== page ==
\(\epsilon\) is called the residual, which is an error term in case the function does not fit perfectly \(Y\).

In this tutorial we will learn about linear regression, which are regression models in which the function \(f()\) is a linear combination of variables. More precisely:

\(Y = a + b_1 X_1 + b_2 X_2 + b_3 X_3 ... + \epsilon\)

- \(Y\) is called the dependent variable
- \(X_1\), \(X_2\), \(X_3\), etc are called independent variables
- \(a\) is the intercept, which measures the expected value of \(Y\) that does not depend on the dependent variables
- \(b_1\), \(b_2\), \(b_3\), etc are called the slopes or the coefficients of the independent variables. They measure how much \(Y\) grows with the corresponding variable. These coefficients are measure in the units of \(Y\) divided by the units of \(X\)
- \(\epsilon\) are the residuals, as in the equation before

For example, when we studied how GDP per capita depended on the FOI, we have a case where \(Y\) is GDP and there is one independent variable \(X\), the FOI. Here you see a scatter plot of GDP vs FOI with a line that shows a regression result:

Residuals (\(\epsilon\)) are the differences in between the empirical values \(Y_i\) and their fitted values \(\hat Y_i\). In the following plot you see them for the case of GDP and FOI as vertical green lines:

Linear regression analyses might have some assumptions regarding residuals. For example, the standard assumptions in many research projects is that residuals have zero mean, are normally distributed with some standard deviation (\(\epsilon \sim N(0,\sigma)\), and that are uncorrelated with both \(X\) and \(Y\). At the end of this tutorial you have ways to inspect if these assumptions are met.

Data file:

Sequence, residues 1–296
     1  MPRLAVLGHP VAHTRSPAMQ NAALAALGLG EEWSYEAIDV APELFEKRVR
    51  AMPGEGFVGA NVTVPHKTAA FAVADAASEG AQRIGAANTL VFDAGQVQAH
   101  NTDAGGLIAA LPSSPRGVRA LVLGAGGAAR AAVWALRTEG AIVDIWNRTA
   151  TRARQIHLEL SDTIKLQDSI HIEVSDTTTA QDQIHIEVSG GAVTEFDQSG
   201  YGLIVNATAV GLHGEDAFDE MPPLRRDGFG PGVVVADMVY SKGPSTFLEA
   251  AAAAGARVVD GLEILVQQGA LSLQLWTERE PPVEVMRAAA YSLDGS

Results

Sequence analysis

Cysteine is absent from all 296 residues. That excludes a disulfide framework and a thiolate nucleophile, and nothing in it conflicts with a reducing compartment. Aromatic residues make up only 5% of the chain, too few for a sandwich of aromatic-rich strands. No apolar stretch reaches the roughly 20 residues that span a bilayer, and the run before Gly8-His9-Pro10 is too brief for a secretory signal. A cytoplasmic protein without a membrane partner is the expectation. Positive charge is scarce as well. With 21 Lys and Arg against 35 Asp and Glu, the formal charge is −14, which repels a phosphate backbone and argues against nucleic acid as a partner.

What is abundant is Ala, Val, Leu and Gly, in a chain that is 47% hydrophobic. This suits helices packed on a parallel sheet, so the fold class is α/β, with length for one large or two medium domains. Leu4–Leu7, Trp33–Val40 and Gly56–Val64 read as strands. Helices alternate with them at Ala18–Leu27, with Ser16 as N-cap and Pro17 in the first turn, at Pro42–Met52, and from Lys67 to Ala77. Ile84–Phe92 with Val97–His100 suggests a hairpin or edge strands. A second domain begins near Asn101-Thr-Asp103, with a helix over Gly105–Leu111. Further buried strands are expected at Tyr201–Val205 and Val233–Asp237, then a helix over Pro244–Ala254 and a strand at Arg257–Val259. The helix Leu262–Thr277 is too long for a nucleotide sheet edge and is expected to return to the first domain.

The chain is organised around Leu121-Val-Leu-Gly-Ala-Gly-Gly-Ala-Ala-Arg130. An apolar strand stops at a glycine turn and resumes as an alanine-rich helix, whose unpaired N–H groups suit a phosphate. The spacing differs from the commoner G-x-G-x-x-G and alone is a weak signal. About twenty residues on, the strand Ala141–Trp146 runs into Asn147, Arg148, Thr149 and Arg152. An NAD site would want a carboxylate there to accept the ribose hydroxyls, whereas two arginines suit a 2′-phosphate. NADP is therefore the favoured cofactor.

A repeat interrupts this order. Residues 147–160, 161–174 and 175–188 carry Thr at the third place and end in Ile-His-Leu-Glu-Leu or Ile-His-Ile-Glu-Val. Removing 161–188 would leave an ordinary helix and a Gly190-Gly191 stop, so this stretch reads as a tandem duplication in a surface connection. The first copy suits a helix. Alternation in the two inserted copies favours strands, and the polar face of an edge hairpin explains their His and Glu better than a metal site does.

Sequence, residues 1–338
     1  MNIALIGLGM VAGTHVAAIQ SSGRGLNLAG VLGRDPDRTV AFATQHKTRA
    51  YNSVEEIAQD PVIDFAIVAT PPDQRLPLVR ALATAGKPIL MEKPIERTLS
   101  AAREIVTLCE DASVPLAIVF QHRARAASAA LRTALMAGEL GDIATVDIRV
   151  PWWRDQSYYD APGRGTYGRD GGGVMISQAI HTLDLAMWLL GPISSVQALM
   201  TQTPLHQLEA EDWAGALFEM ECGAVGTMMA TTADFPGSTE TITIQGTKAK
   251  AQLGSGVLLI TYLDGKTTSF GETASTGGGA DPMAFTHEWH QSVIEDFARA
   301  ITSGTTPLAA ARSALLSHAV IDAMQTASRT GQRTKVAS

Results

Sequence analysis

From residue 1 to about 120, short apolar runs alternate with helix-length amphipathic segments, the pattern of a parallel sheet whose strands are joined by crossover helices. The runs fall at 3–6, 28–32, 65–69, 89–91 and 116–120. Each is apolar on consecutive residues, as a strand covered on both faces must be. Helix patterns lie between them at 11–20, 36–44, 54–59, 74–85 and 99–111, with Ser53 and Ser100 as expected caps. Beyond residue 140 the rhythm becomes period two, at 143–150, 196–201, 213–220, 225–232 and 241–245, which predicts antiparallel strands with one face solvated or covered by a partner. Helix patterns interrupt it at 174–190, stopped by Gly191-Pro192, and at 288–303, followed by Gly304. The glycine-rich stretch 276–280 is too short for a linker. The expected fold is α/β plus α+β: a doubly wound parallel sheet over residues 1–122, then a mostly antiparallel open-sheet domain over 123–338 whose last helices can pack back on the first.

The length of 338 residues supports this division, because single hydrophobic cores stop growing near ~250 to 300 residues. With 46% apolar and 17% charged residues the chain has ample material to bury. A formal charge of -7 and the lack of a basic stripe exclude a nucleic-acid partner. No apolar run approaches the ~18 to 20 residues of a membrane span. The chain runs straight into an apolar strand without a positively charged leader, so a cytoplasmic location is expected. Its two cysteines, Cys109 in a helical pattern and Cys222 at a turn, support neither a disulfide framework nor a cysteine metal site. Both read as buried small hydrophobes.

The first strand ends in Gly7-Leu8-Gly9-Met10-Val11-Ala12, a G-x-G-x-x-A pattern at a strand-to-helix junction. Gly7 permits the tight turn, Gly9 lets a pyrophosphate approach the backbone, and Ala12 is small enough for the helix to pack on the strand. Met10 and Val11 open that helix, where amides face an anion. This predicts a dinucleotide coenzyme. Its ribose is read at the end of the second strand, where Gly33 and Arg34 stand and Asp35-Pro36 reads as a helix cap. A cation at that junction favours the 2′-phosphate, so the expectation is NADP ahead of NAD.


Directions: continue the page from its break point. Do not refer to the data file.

The Ordinary Least Squares method (OLS) looks for the values of coefficients that minimize the RSS. This way, you can think about the OLS result as the line that minimizes the sum of squared lengths of the vertical lines in the figure above.

The lm() function in R fits a linear regression model with OLS. You have to specify the *formula* of your regression model. For the case of one independent variable, a formula reads like this:

`DependentVariable ∼ IndependentVariable`

If you print the result of lm(), you will see the best fitting values for the coefficients (intercept and slope):

```
model <- lm(GDP~FOI, df)
print(model)
```

```
##
## Call:
## lm(formula = GDP ~ FOI, data = df)
##
## Coefficients:
## (Intercept) FOI
## -4309 54631
```

You can access the estimated values of the coefficients like this:

`model$coefficients`

```
## (Intercept) FOI
## -4309.223 54631.170
```